The DAO brought charges, but then the Department Advocate recommended no disciplinary action and dismissal of the charges because the Victim did not want to pursue the case. The First Deputy recommended dismissal of the charges and Command Discipline A, but the Police Commissioner signed for no disciplinary action and dismissal of all of the charges. The Respondent was promoted to detective during the course of the investigation of this case.
Case Study 4 — 1998
A 13 year-old Victim was with a group of friends when he threw an egg, which landed near the Respondent. The Respondent caught up to the group and said, “Which one of you girls threw an egg at me?” The Victim admitted it was him and said he was a boy. The Respondent allegedly replied that he looked like a girl and should cut his hair and called him a “sissy.” The Victim said, “fuck you.” The Victim alleges the Respondent then slapped him, threw him against a gated store window and handcuffed him. The Respondent claims that the Victim put his arms toward him and so he took a defense position and blocked him with one hand and slapped him with the other. He was taken to the precinct house, and allegedly handcuffed to a cabinet there and teased by the officers. The Respondent pled guilty at an OATH trial and received a penalty of five vacation days.
Case Study 5 — 1998
Three people were on a street corner near a van when an undercover patrol car pulled up. One of them said, “What the fuck are you looking at?” The officers exited the vehicle to question them. One of them was placed against the van. The Respondent allegedly grabbed the Victim by the backpack, yanked her toward the car and pushed her against it and cursed at her several times, saying “shut the fuck up” and “get the fuck out.” Hospital medical documentation indicated injuries including contusions to shoulder and lower back pain. The Respondent and witness police officers also told contradictory stories as to the Victim’s attempt to escape and whether she was handcuffed.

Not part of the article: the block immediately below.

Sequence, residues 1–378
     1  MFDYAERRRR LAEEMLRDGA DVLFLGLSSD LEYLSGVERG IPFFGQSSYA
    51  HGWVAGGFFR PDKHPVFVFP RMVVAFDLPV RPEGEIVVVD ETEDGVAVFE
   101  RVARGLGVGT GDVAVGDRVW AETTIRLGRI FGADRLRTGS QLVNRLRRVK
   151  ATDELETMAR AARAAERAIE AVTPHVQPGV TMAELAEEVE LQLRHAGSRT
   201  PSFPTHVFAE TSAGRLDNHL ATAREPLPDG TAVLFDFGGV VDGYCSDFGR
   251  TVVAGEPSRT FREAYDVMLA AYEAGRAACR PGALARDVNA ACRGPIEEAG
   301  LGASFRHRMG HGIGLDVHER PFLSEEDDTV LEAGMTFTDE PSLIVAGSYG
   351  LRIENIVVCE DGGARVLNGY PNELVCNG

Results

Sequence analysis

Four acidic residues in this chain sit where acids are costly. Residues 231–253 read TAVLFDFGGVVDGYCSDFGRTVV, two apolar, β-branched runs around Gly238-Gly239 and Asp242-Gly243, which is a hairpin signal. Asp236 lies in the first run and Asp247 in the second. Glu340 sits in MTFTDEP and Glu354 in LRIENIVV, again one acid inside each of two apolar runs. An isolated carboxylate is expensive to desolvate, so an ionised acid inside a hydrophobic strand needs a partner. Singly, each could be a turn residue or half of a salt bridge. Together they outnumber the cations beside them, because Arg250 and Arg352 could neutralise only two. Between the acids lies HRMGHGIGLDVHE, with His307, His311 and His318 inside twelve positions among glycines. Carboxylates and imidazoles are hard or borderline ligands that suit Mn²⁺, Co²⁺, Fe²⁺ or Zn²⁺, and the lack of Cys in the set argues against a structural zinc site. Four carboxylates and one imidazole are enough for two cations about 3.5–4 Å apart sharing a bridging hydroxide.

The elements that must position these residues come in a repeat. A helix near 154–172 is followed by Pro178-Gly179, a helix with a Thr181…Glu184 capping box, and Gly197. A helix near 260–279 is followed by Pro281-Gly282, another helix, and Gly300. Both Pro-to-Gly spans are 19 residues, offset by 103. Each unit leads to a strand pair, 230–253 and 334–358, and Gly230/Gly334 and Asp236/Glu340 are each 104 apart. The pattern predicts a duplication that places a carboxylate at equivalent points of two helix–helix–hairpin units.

A plea was negotiated without an OATH judge and the Respondent pled guilty. Nonetheless, all charges were dismissed and the Respondent was given Command Discipline A because he had a “good record.” This record included 50 prior CCRB allegations, and placement on the Disciplinary Task Force list. The Disciplinary Task Force is the program designed to monitor the most seriously problematic officers in the Department.
Case Study 6 — 1998
The Victim accidentally bumped a woman on the street, and the woman responded she was going to get her boyfriend, a cop. The Victim said the next day he was told the police were looking for him. He went to the precinct and the Respondent (believed to be the woman’s boyfriend) arrested him for assault. After processing, the Respondent allegedly followed the Victim into the precinct bathroom where he slapped him, kneed him in the groin, punched him and threatened him. All departmental charges were dismissed by the DAO because the Victim and witness were unavailable. There was no disciplinary action.